The Sox would be much better off today had that history been different.

Lip Man 1
11-14-2009, 08:38 PM
Chris (and others):

You may find this interesting:

http://www.whitesoxinteractive.com/rwas/index.php?category=2&id=2096

Lip

gosox41
11-14-2009, 09:24 PM
Mister B:



I know for example that in addition to Thome, some of Contreras salary was being paid for by the Yankees. There may have been one or two more players but I don't remember for sure.

Lip


That was from the original contract. The renewed contact he signed (the 2007-2009 deal) was not covered at all the by the Yankees. You're looking at data that's from the original trade. The Sox paid 100% of Contreras salary the last 3 years.

Ranger
11-14-2009, 09:34 PM
Chris (and others):

You may find this interesting:

http://www.whitesoxinteractive.com/rwas/index.php?category=2&id=2096

Lip


Yep. In all reality, the idea of SportsVision wasn't a bad one at all. It was innovative. It's just that it wasn't going to work under these circumstances, and just a bit too far ahead of its time. I don't think I mentioned this in my previous post (and you touched on it in that article), but when I was growing up in St. Louis in the early 80s, we could not watch Cardinals home games on TV. They weren't televised. And unless I'm out of my mind, there were home games on TV you could pay to watch on an individual basis. I'm pretty sure we used to get them sometimes. The Cardinals could get away with that because, as you said, no competition AND people were baseball nuts. Maybe I'm thinking of Game of the Week, but I don't think so.

gosox41
11-14-2009, 09:50 PM
I just find it symbolic like the auto execs who flew their private jets to Washington looking for a bailout. Last year the winter meetings were in Vegas. KW and JR took JR's jet from Phoenix. 303 miles.


Without arguing semantics, there is a different between a private jet and a corporate jet. The auto execs flew corporate jets to DC.

I'm not aware of the Sox having their own jet.


Bob

gosox41
11-14-2009, 10:01 PM
Ranger:

I have to get ready for a broadcast tonight so I can't go into as much detail as I'd like in this discussion that you are having with Love.

I'd simply like to interject some points for whatever they may be worth:

1. I've spoken with two individuals in the past. One is a former player who knows two members of the board of directors and the other was a member of the White Sox media who knew something about the financial situation. Both have told me the Sox haven't lost money "in a long time." (direct quote). If the Sox put every dollar into the team then logically they shouldn't be making any money. It should be a zero/sum game. If the Sox are making money, than they aren't putting every dollar back into the team on the field.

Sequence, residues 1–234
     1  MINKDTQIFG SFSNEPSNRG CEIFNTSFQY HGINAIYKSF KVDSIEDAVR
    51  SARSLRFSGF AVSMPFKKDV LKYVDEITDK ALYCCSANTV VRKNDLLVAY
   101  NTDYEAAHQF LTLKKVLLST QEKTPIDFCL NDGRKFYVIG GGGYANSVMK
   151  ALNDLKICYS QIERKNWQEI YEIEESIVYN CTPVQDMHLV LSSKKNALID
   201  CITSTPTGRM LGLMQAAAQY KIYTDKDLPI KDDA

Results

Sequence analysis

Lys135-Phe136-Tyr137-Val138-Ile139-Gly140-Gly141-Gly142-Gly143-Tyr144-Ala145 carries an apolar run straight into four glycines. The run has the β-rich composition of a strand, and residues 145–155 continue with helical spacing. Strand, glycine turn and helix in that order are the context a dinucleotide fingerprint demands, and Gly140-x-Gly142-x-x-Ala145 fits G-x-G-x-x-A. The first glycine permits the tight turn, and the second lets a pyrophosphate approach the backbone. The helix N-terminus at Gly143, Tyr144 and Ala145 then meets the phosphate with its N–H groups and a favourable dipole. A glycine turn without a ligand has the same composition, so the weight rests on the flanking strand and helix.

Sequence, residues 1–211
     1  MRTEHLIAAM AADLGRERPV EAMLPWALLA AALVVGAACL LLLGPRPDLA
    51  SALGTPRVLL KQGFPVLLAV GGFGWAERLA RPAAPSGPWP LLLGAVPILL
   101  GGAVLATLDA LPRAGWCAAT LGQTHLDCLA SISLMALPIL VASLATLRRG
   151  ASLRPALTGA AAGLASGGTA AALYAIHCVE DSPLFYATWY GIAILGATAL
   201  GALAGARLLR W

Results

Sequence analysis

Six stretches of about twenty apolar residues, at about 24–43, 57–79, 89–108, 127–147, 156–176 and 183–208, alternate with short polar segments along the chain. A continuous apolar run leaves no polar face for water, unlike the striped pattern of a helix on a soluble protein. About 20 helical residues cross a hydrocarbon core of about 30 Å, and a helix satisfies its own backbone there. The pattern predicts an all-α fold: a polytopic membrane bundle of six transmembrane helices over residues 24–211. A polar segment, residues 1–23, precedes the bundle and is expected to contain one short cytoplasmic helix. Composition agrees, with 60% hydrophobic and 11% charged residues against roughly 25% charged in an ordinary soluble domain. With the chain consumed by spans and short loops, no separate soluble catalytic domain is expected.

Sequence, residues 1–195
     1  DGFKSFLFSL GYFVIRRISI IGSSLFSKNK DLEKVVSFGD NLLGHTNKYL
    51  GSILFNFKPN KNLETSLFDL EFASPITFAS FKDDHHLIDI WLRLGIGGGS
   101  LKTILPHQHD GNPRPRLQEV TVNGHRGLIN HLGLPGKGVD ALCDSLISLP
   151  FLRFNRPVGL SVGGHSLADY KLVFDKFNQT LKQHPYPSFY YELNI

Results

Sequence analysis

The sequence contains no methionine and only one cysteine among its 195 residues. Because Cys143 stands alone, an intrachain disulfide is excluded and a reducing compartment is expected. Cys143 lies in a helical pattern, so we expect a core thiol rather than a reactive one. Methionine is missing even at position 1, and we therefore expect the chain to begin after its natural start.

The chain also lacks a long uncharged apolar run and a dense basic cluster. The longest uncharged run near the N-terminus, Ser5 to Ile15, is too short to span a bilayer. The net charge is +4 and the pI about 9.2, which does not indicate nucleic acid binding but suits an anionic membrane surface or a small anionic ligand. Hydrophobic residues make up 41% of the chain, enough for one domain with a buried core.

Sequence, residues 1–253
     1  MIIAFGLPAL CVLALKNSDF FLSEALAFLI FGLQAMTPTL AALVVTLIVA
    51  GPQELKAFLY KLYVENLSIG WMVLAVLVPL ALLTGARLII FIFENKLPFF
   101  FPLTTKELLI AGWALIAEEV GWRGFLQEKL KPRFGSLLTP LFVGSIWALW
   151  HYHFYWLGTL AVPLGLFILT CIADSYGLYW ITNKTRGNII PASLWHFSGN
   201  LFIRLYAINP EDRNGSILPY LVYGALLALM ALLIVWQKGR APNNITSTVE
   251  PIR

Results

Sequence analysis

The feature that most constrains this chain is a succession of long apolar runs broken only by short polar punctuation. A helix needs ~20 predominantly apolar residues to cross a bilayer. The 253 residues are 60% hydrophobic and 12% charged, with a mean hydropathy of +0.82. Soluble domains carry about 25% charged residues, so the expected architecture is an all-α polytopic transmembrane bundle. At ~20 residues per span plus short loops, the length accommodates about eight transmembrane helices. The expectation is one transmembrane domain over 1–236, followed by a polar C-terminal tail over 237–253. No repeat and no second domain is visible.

How much of a difference there is between the two, I have no idea...it could be pennies or it could be substancial.

2. In the book, "The Lords of the Realm," by Pulitzer Prize winning author John Helyar, he gives a detailed account of the lease agreement between the Sox and Jerry Reinsdorf and the state of Illinois calling it "one of the greatest sweetheart leases in pro sports." There may be much more funds available than many think because the Sox aren't paying the going rate for stadium operations, fees, taxes and so forth.

3. Just to use last season as an example and as I discussed with Mark Gonzales the way to draw fans and keep advertisers isn't to cut payroll the 2nd largest amount in MLB, raise ticket prices and have basically a do-nothing off season. If you want to keep advertisers and at least maintain the status quo with your ticker holders you have to do something that merits them thinking twice about if they want to drop the Sox. (And with respect, duds like Corky Miller, Wilson Betemit and Brent Lillibridge aren't the answer to that problem)

4. In the forward to Richard Lindberg's amazing White Sox encyclopedia, Eddie Einhorn wrote that what he realized from seeing the Sox World Series parade was that owning the Sox is maintaining a "public trust." Nowhere in that does he say a word about making a profit or keeping the board of directors happy.

So what am I saying? Do I think the Sox can do what the Yankees can do? Absolutely not.

Do I think given the highest average attendance in a four year stretch in franchise history (higher than the period from 1990-1993 and without the draw of the closing of a landmark stadium and the opening of a new one), the breaks they get in the stadium agreement (built at taxpayer expense) and the market they are located in, that they can do more in overall team payroll and the acquisition of talent?

Absolutely.

Lip

Lip,

In response to your points:
1. Assume the Sox fiscal year ends Dec 31. The Sox clearly made money in 2005. What if the Sox took their profits and reinvested it into 2009 payroll? They still made money in 2008, but they may not have declared any dividends. Your argument has some holes.

And to take it one step futher, it is possible that JR did pay a dividend to the owners as they are entitled to make money on their investment once in awhile.